Rhynchocephalia Tuatara
Tuatara look like lizards, but they are not lizards, oh no they are not. Please stop calling them lizards. The tuatara lineage split from the lizards-and-snakes lineage some 220 million years ago, and they never looked back. They historically lived on New Zealand and a large number of surrounding islands but, with the arrival of people and non-native animals that the people brought along, they were eradicated from mainland New Zealand and many of the surrounding islands. Now they live free only on a handful of small islands, though there are projects underway to try to reestablish them in carefully managed areas on the mainland.

In 2005 my wife and I traveled with some friends to New Zealand and looked in vain for tuatara on Tiritiri Matangi, one of the extremely few islands that tourists are allowed to visit where wild tuatara live. Tragically, we did not see any wild tuatara. As a consolation prize, we visited the Tuatarium (!) at the Southland Museum and Art Gallery in Invercargill, where research on captive tuatara has been going on for decades.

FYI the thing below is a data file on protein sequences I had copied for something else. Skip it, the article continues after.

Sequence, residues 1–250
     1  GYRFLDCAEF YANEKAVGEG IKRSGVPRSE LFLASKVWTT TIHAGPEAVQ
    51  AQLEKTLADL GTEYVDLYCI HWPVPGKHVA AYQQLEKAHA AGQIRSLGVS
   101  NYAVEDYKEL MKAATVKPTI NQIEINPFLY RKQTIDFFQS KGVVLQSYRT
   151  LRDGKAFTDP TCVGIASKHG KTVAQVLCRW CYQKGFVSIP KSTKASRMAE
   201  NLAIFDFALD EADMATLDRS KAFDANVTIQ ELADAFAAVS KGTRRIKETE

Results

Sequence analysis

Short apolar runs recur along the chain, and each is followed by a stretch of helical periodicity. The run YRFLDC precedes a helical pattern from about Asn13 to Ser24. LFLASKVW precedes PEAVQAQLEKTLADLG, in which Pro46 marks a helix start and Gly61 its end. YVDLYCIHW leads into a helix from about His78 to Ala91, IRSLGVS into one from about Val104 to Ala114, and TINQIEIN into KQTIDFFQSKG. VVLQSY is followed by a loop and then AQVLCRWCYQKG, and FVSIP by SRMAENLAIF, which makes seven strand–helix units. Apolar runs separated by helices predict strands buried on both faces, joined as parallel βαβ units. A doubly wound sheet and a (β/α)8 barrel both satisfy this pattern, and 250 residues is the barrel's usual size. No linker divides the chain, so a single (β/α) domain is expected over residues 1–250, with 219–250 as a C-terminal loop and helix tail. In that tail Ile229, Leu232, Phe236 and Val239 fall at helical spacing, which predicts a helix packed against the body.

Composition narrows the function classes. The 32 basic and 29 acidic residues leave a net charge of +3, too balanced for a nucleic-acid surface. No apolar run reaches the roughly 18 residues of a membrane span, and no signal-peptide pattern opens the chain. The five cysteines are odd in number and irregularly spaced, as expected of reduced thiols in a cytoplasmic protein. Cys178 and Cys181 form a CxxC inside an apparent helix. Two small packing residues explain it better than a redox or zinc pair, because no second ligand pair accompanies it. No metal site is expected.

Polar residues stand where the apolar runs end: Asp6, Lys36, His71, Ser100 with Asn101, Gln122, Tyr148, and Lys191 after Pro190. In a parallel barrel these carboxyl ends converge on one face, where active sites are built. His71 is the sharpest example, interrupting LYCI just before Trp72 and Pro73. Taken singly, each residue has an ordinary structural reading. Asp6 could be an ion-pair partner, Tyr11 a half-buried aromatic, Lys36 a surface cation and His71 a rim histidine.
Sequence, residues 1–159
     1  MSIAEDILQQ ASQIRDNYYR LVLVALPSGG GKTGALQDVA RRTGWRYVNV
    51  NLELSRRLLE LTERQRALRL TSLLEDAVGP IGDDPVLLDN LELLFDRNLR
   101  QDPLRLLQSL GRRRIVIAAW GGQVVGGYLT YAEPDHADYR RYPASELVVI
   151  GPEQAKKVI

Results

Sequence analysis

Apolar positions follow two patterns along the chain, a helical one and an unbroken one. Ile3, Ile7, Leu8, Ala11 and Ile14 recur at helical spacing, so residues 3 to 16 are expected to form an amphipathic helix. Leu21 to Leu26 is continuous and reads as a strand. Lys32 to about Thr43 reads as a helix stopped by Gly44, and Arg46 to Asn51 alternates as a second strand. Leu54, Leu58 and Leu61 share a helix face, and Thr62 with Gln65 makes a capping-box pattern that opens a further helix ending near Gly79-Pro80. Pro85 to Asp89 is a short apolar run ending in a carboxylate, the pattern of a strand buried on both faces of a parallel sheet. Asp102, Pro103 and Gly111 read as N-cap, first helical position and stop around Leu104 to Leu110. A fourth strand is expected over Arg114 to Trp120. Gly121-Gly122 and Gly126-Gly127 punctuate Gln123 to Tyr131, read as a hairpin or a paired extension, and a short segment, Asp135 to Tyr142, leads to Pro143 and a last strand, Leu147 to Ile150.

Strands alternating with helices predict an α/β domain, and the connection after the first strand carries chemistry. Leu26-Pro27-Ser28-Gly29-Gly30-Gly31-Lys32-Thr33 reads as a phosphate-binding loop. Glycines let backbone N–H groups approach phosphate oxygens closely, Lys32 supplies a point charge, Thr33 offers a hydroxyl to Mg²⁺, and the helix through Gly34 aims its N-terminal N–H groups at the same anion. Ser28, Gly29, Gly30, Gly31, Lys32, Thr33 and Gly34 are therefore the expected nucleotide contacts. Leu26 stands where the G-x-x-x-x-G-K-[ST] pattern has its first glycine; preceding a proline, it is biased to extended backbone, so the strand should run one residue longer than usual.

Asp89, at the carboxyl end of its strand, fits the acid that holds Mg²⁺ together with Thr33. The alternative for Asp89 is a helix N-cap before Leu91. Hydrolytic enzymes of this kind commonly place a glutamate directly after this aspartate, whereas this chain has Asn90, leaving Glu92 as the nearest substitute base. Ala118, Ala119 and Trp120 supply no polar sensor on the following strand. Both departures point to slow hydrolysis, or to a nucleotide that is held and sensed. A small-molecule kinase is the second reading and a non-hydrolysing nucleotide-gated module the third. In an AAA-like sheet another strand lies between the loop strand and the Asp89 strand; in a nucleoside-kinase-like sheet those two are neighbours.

The first thing one notices about the Tuatarium is this excellent statue in front:

Inside, there are — and this should not come as a complete shock — actual live tuatara! And not just any old tuatara, but the world's most famous old tuatara, Henry. Henry has been at the Southland Museum since 1972. I remember Henry from seeing his photo in Archie Carr's The Reptiles entry in the Life Nature Library book series when I was a kid. He got worldwide attention when he sired offspring at the age of 111 (did I mention that tuatara live a long time?). Without further ado, here's Henry:

We happened to be visiting the Tuatarium at the same time as some group of zoo-related folks who were getting a behind-the-scenes tour. As part of this tour, the Tuatarium curator brought out one of the tuatara and showed it around up close and personal. I am unlikely to ever see a wild tuatara, but I did get to hold one!